- Work with those within the farming system where practices are embedded to enable change to the system and practices.
- Invite soil research inquiries, so that stakeholders are volunteers, oriented to inquiry, not immediate solutions, ready to interact around their differing points of view on the problematic situation.
- Go underneath opinions to people’s actual experience in the farming system, sensing the system and finding the patterns that repeat.
- Find what keeps farming practices the same, then chose leverage points for innovation in several different places in the system.
The ‘Collaborative Approaches to Innovation’ project built an agenda for activating financial markets in support of soil stewardship. Representatives from six sectors—finance, agriculture, research, conservation, corporate advisory, and government—convened in workshops in Melbourne, Perth and Toowoomba.
They analysed why soil stewardship gets little recognition and reward from financial markets. They also identified leverage points for innovation and influence. The research agenda is the basis for collaboration to find out how to shift current practice and institutional arrangements at those leverage points.
The research approach is systemic co-inquiry. Those within a social system inquire into a current problematic situation and work out how it can be changed. The approach treats differences in perspective as a starting point for inquiry, and works through to testing ideas for innovation in action.
Research Findings Outcomes
This research identified five principles to follow when engaging industry participants in deciding on priorities for change. The principles build collaboration in research between those with experience, influence and expertise and included: 1. Inviting the inquiry, 2. Working with the diversity in the system, 3. Sensing the system, 4. Listening and looking for the patterns, and 5. Agreeing on the leverage points.
As a research approach, systemic co-inquiry produced agreement on four distinct leverage points, which jointly have the potential to change current finance industry practice and the institutional arrangements in which they are embedded.
Significance of Findings
Changing finance industry practice has the potential to increase the flow of private capital supporting soil stewardship. However, changing those practices requires collaboration between influential insiders in finance, researchers and their data, and growers.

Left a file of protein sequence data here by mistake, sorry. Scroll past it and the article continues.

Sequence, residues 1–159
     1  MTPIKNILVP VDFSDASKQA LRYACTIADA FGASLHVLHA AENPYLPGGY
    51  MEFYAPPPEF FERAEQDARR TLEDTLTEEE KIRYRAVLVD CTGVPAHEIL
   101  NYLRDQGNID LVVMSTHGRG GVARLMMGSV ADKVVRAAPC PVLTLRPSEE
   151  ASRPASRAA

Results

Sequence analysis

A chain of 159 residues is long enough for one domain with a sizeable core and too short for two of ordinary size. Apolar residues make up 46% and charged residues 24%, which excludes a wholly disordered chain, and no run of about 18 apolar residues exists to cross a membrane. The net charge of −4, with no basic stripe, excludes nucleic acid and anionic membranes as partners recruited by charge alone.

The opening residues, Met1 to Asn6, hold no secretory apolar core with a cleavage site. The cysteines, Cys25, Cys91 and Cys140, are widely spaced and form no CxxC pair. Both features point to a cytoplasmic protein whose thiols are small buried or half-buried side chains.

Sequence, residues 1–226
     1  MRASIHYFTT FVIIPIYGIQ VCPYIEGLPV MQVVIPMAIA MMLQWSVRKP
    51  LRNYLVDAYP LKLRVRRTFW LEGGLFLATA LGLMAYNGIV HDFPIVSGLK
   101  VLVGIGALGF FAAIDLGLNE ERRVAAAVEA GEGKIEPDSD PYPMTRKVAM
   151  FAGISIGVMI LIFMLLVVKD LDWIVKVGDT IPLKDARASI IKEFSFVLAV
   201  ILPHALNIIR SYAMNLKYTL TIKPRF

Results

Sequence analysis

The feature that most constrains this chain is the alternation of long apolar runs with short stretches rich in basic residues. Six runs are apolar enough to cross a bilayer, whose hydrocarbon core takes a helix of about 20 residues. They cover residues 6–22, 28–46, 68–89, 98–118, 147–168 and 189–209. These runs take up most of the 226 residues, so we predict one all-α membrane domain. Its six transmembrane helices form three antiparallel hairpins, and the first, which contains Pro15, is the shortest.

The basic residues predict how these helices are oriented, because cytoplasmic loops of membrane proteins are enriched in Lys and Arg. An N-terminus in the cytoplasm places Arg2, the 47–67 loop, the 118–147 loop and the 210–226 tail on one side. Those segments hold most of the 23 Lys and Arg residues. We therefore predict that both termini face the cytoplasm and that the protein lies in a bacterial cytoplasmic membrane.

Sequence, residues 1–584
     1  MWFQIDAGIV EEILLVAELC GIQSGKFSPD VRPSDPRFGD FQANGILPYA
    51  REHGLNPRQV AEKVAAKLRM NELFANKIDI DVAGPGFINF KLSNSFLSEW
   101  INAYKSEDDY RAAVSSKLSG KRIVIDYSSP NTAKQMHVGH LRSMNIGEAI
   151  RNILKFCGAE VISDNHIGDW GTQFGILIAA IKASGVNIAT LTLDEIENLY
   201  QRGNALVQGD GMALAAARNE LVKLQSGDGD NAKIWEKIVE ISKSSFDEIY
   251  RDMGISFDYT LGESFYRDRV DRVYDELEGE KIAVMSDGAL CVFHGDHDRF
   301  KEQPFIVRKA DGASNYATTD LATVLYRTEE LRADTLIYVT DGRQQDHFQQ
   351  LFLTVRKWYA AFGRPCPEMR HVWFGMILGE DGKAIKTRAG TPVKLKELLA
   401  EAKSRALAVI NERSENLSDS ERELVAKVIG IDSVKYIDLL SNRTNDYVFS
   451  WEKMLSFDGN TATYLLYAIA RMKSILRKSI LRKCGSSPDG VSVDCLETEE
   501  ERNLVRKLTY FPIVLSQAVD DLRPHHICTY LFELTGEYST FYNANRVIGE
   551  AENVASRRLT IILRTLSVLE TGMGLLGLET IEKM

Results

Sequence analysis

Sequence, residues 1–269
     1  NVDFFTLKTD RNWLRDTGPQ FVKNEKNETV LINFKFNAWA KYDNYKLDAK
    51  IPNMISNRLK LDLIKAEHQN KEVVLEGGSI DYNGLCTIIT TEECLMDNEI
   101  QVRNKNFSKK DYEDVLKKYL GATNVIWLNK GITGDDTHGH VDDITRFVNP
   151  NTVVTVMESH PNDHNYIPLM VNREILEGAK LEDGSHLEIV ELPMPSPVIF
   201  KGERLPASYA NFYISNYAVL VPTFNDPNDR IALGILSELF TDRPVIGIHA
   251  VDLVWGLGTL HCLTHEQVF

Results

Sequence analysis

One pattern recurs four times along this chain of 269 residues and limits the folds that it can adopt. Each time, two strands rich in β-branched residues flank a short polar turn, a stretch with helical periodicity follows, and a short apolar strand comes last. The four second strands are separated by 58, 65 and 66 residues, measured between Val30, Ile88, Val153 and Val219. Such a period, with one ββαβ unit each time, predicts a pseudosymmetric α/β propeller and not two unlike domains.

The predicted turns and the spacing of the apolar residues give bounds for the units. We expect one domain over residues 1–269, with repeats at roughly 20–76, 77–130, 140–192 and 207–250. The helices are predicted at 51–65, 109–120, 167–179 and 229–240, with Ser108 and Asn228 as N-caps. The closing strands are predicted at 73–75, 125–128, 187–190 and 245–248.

Systemic research will pinpoint the relationships and leverage points that can change current practice. Collaborative research will build an accurate understanding of constraints, enablers and leverage points; test and demonstrate benefits of new practice; and identify what influences people to take up the innovations.
Collaborating in inquiry and thinking systemically will lead to workable innovations that are taken up by the finance industry. This could have a positive impact on growers.
The research agenda needs to establish discrete research hubs, each targeting a specific change in financial practice that fits the needs of a type or region of agricultural enterprise.
The research hubs must begin many small tests of innovations, with feedback from the field to the hubs. Hubs need to be linked to each other, to share progress and learn how to influence system change, and to wider networks of people interested in newways to finance soil stewardship.
Those wider networks must be engaged as influencers within their sector, and supported with evidence, documentation and a coherent story from the research hubs.
Project Team and Fact Sheet Authors
Nicholas Pawsey (Charles Sturt University)
Benjamin Wills (Federation University Australia)
Francisco Ascui (University of Tasmania)
Catherine Allan (Charles Sturt University)
Ross Colliver (Training and Development Group)
Geoff Cockfield (University of Southern Queensland)
Simon Cook (Murdoch University)
Mark Frost (Charles Sturt University)
Julia Lynch (Charles Sturt University) Alfred Wong (Charles Sturt University)
Posted May 28, 2021